The way we will look back on and judge the Kyrie Irving trade will be based on whether the Celtics won a title with him. Blockbuster trades like this one are judged by the results they create, not the process by which they were made. The Celtics are making a huge bet on their newfound apparent belief that star power will trump synergy or continuity. After all, they lost their top three players in terms of minutes played, and, as my colleague Kevin O’Connor pointed out, return only four of their players from last season.
But Danny Ainge pulled it off. He finally made the trade that he was long rumored to make. With Irving, Al Horford, and Gordon Hayward as the three pillars of what should be head coach Brad Stevens’s offensive juggernaut, the Celtics have the pieces they need to compete (emphasis on compete) for a title. But this reality of a new Big Three in Boston does present some questions about how the Celtics will deal with their new-look team with the season fewer than two months away.
What Do the Celtics Do About Their Defense?
The Celtics were 12th in the league in defensive rating (105.5 points allowed per 100 possessions) during the regular season, but dropped near the bottom in the playoffs (111.3, 13th among the 16 teams). In losing Jae Crowder, after trading Avery Bradley to the Pistons earlier this summer, Boston has now lost three of its top five players in defensive win shares.
Bradley’s relentless and timely hand-in-your-space defense on the ball, as well as his ability to play larger than his size and maintain position against more athletic players, was incredibly valuable. His departure leaves a gaping hole in the Celtics defense that could be problematic come playoff time, when the games are slowed down and stretched out as if they’re being put through a lasagna pasta maker. Bradley’s burden will now likely fall on Marcus Smart, who brings a lot of the same qualities as a tough, relentless on-ball nuisance, even if he can be erratic at times. Smart may be a perfect sixth man, but in crunch time, he will likely be the one the Celtics turn to for timely on-ball defense.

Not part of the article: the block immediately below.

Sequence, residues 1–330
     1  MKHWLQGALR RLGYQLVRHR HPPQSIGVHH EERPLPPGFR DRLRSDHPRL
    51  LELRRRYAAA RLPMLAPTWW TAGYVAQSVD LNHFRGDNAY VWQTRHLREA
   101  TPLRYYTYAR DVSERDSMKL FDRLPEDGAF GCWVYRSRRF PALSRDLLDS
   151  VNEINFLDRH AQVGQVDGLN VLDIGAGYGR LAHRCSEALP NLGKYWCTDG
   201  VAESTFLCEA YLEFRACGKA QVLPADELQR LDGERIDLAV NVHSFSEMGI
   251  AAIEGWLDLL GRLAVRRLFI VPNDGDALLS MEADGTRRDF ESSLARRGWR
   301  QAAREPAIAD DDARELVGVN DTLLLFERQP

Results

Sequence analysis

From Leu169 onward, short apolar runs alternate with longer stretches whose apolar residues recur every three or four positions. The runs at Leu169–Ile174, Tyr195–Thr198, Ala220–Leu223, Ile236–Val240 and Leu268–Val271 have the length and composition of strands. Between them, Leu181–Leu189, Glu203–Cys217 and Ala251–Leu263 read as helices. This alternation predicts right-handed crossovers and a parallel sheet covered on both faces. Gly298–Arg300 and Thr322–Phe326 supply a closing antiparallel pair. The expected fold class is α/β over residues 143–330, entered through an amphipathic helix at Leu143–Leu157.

Losing Crowder is a bittersweet moment for a lot of Celtics loyalists. There’s the good side of him, the off-ball shooter and disruptive on-ball defender who often got the LeBron assignment in games against the Cavs. Then, there’s the tougher side. The one whose inconsistencies on the perimeter (his 3-point percentages declined in the playoffs in his last two seasons in Boston) were disheartening at times, and whose defense, much like the Celtics’ as a whole, also declined in the playoffs. Crowder’s 3-and-D potential, however inconsistent at times, was of extreme value. The Celtics are now going to need to turn youth into consistency as soon as possible. Hayward is underrated as a defender, so don’t rule out him even improving on Crowder’s work. In Boston's attempt to fill Crowder's void, the three-headed 21-or-younger trio of Jaylen Brown, Jayson Tatum, and even Semi Ojeleye will come up big. Literally. Crowder and Bradley were good defenders, but at their size—6-foot-6, and 6-foot-2 respectively—they come up short on Brown (6-foot-7) and Tatum (6-foot-8). Brown has the slight edge on experience plus the athleticism, Tatum has the savvy, already-mature offensive game and Stevens’s endorsement as a good defender, while Ojeleye has the potential to become an off-the-bench spark plug on both sides of the court with his energy. The prep to get them ready for playoff basketball begins now.
How Does Kyrie Irving Fit Into Brad Stevens’s System?